A total of 35 other caves have been discovered on the Cave Farm in addition to Spring Valley Caverns. The caves have been discovered by digging in sinkholes. This was a very dangerous job, and in more recent times backhoes were brought in to assist in the endeavor.

1993 Hidden Cave
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1991 Cave Farm
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A 1991 group effort at the Cave Farm, focused on finding a new cave. Battery powered lights had just become available as seen on several helmets to the far left of the photo.

A cave was discovered during this excavation in 1994.

1994 Group Photo
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White Dots
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While sinkholes are excavated a caver may uncover rocks with white dots. Underground air movement forms condensation on the limestone and leaves behind white calcite mineral dots. Checking for air movement is also an important clue. It indicates that a large cave system is most certainly connected to the sinkhole.


--- DISCOVERING CAVES CAN BE A MESSY ENDEAVOR ---


Dave Gerboth & John Ackerman in 1987 after discovering Ackerman’s Cave.

19987 Ackerman's Cave
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1993 photo of John Ackerman discovering a very tight, muddy and cold stream.

Phil Gemuenden and Matt Potter are pros at finding new caves. Photo taken in 2002.

Phil and Matt
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Corn Pit Cave
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Dave Gerboth pushes forward in Corn Pit Cave. Photo taken in 2005.

2004 Photo of Clay Kraus and John Ackerman after opening King Cave.

King Cave
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--- SQUEEZING IN ---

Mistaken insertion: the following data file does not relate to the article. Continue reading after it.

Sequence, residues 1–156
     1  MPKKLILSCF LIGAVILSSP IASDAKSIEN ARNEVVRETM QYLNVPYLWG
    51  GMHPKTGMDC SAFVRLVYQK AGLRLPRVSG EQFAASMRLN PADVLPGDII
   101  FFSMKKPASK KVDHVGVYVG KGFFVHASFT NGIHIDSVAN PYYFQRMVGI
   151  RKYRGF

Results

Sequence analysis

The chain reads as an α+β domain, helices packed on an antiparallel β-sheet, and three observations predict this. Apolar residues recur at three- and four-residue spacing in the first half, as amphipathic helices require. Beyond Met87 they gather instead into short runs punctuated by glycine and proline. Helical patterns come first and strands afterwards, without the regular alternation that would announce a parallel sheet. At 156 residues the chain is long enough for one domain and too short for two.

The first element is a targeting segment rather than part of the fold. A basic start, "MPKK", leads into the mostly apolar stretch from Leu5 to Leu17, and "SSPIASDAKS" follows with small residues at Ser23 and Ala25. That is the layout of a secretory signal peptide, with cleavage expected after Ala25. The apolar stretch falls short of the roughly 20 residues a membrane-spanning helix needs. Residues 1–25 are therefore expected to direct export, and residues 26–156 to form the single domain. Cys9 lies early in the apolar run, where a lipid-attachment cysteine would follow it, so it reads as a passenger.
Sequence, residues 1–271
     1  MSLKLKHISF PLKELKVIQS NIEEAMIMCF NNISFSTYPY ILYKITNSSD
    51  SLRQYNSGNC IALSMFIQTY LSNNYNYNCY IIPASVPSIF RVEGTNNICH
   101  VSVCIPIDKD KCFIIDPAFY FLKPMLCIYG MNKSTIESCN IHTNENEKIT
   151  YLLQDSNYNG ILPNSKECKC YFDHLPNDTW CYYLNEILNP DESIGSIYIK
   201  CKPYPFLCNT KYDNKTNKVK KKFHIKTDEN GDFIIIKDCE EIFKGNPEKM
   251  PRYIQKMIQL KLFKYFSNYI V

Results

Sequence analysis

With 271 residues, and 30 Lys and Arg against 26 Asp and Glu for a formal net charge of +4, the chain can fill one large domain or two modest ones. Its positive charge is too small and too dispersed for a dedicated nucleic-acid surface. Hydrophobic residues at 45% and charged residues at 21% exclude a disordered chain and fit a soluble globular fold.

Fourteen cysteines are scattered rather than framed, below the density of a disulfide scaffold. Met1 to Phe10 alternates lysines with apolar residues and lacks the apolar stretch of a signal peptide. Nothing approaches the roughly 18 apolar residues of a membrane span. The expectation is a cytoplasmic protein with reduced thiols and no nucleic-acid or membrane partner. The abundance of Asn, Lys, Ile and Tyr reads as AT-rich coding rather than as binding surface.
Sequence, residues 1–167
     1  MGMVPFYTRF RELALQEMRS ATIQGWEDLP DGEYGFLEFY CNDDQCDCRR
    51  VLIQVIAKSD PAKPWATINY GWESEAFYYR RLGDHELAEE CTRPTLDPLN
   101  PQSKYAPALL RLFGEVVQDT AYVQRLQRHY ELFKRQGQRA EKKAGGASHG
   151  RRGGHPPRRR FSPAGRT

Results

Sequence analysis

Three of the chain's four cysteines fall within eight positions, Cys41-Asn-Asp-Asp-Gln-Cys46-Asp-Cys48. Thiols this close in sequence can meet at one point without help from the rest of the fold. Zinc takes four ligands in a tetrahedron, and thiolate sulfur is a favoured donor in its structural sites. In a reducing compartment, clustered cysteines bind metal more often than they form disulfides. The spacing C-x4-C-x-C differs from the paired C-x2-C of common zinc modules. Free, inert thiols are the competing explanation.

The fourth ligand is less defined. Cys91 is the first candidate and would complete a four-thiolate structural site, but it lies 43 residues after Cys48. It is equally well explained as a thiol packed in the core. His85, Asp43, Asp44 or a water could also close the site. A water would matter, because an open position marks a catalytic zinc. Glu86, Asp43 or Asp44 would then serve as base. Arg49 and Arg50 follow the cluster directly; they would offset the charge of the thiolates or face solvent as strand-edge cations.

John Preston
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After we expose a gap at the base of a sinkhole we attempt to enter the cave. Usually the openings are tight, and one never knows what to expect.

After 6 feet the ceiling in this cave rose up to thirty feet.

Sunset Cave
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Unknowm Pit
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Sometimes a deep pit or crevice is immediately encountered. Using a rope for a hand line can be a life saver.

Entering a cave for the first time is the thrill of a lifetime. There may be miles of large unexplored caverns just ahead.

Goliath's Cave
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Sunset Cave
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When entering a cave for the first time it is wise to bring a compass, tape measure and a survey book. Getting lost in a large cave system can cost you your life.

Sometimes we inch our way through low water spaces in hopes of discovering miles of cave passages. When the air space diminishes to several inches it is important to move forward very slowly so water does not splash down your nose and into your lungs.